Anita and I first met at Bible College. She was the intent student in the front row and I was the lecturer teaching Old Testament theology. A word from God and some thoughtful initiative on Anita’s part meant that we soon became friends. Fast forward twelve years and three different apartments, we finish each others sentences and argue like married couples over how to pack the dishwasher. We go to church together, share meals together and attend Christmas together with our families. She was there when I received the phone-call about my dad’s heart attack and I was there when she lost her job. She’s taught me about humanitarianism and how to make quinoa and I’ve taught her about hearing God’s voice and how to enjoy camping.

Lately when the storage costs became too much for one, we pooled all our furniture and this year we’re planning a holiday together overseas. The truth is that while both of us have experienced a dearth of suitable male suitors, our friendship has been a God-given lifesaver. Both in our 40s, finding a great flatmate is near impossible and sharing living costs makes good economic sense. Her loyalty and encouragement mean the world to me. It’s been difficult to find the words to define our friendship. She’s a best friend, but not like the ones at high school. She’s a flatmate, but we’d still share a place if we didn’t have to. She’s a spiritual sister, but not like others in church who’d describe themselves that way. Covenant Friendship The best parallel we’ve come up with is the relationship between the biblical characters David and Jonathan. For David, the love of his friend was “better than a woman’s” (2 Samuel 1:26). They were “bound in spirit” and Jonathan loved David “as himself” (1 Samuel 18:1-4)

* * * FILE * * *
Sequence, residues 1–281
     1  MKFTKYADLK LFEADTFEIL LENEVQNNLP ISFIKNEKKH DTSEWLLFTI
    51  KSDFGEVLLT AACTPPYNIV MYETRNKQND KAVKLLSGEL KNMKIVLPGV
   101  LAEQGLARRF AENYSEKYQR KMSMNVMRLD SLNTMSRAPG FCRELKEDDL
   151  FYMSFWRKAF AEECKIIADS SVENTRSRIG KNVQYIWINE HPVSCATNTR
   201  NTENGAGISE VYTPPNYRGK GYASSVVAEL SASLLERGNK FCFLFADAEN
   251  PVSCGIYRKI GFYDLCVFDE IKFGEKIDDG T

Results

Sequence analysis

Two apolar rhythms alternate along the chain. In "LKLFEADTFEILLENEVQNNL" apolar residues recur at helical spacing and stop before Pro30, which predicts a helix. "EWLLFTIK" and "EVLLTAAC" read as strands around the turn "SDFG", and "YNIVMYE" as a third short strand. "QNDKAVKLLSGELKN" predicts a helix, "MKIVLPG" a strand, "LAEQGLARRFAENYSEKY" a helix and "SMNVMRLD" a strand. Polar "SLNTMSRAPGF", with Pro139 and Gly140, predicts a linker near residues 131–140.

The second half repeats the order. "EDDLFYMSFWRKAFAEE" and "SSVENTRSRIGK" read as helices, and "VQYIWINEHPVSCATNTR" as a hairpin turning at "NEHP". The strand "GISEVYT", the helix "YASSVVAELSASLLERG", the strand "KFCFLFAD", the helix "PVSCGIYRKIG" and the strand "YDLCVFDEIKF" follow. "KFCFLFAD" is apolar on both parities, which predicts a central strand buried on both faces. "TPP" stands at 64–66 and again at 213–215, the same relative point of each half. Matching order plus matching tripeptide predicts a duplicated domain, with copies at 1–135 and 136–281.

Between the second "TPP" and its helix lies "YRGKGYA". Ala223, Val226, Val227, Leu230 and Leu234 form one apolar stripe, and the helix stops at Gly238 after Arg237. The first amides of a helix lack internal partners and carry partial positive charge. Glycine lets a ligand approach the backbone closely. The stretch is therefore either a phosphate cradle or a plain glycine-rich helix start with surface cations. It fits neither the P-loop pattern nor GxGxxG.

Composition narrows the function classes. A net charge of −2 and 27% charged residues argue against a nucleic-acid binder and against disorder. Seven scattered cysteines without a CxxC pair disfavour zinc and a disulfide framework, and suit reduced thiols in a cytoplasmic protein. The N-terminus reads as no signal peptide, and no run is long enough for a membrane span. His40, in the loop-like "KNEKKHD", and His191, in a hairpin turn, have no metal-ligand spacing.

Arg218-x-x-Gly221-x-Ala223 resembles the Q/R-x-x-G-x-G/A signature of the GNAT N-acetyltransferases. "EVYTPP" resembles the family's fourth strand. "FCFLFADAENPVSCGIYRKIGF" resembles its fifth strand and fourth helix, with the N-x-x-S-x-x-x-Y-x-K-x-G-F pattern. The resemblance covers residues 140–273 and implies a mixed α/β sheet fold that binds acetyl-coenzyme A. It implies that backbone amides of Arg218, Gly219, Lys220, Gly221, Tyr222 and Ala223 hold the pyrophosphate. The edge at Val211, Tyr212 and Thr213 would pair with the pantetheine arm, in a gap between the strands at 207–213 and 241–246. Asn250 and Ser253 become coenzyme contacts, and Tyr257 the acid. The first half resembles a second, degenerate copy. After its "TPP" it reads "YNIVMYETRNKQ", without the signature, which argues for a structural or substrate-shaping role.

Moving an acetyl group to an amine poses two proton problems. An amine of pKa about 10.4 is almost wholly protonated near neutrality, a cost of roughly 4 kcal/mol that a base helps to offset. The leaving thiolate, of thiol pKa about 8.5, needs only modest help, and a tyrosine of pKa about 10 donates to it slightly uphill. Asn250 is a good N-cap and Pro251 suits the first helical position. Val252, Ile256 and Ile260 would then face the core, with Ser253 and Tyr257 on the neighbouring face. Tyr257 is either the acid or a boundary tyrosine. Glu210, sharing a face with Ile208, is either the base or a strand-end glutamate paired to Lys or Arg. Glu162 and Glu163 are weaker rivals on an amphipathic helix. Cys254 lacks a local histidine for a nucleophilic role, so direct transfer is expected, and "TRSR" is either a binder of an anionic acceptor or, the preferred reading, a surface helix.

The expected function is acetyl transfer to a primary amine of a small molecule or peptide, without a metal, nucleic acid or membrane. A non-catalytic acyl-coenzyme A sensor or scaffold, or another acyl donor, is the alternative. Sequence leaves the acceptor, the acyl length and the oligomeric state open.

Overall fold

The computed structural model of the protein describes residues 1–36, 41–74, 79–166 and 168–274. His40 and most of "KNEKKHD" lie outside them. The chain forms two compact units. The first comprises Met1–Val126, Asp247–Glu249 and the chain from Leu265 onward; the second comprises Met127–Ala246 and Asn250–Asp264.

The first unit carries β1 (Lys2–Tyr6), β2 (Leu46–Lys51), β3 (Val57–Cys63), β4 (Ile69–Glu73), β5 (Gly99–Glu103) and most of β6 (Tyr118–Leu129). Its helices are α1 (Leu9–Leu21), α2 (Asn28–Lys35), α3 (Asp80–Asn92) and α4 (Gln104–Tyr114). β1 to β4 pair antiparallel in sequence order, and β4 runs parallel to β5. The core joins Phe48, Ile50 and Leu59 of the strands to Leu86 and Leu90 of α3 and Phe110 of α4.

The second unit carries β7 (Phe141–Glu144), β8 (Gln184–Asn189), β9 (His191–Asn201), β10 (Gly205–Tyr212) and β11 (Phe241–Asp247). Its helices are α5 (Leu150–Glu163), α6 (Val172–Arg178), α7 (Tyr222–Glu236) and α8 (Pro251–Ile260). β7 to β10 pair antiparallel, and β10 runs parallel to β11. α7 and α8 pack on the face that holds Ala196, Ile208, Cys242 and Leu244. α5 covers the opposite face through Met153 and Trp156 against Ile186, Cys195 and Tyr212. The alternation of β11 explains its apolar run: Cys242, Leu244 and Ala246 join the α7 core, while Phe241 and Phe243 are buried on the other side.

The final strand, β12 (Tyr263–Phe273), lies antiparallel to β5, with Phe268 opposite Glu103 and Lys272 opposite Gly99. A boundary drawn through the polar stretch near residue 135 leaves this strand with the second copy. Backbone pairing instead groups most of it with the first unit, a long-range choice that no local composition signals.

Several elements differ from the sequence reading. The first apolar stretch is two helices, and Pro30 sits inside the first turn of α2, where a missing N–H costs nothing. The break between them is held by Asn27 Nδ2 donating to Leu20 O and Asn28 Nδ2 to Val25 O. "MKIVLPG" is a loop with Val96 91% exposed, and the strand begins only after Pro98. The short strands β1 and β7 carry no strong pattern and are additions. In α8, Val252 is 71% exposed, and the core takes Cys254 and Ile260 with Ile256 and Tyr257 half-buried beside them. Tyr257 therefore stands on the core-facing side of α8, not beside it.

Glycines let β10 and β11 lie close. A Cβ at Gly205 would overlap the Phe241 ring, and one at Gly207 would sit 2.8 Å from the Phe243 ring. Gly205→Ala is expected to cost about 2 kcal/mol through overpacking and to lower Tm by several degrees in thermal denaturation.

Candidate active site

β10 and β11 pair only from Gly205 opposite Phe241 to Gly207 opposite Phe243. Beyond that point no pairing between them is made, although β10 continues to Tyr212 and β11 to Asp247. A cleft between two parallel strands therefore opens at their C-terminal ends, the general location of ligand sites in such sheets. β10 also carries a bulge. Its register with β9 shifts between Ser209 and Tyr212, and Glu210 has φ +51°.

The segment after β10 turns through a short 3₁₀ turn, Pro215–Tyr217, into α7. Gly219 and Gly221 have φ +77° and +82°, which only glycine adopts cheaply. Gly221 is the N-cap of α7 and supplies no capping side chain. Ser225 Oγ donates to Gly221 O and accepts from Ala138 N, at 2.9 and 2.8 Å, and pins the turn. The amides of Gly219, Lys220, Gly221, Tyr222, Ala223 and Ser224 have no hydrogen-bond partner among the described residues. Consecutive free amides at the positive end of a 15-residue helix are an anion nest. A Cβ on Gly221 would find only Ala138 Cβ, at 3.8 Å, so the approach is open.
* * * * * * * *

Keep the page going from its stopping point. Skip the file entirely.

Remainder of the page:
The wording is so strong that plenty of questions have been raised about the exact nature of their relationship – which doesn’t surprise me since Anita and I have had our own fair share of quips. People find it hard to believe that a close friendship can be anything other than sexual. What is telling is the word used to describe their relationship. In David and Jonathan’s world, ‘covenant’ was the terminology given to describe a strong commitment by two parties to one another. Theirs was a relationship that extended beyond the realms of friendship. It meant they protected each other, stood up for one another and celebrated the call of the other above their own. They were sworn to seeing God’s purposes fulfilled in each other’s lives. For Jonathan, that promise extended even to the point of death. It’s clear that Jonathan was God’s provision for David and that the relationship was just as potent for him as his marriage. Jesus too recognized the power of the Spirit to seal relationships that were as valuable as traditional ones (Matthew 12:48-50). Covenant friendship can be God’s provision for singles just as much as marriage can.

By Tania Harris

Tania Harris is a pastor, speaker, author and the founder of, a global ministry that equips people to recognise and respond to God’s voice. With a diverse history as church planter, pastor and Bible College lecturer, her ministry is known for its biblical depth, practical wisdom and ‘God-stories.’ She speaks to groups of all ages and denominations and is a popular voice on radio in Australia, New Zealand and the UK. Currently Tania is completing her Doctorate in Ministry researching peoples’ experiences hearing God’s voice. Tania is an ordained minister with the Australian Christian Churches. Hillsong is her church home in Sydney, Australia.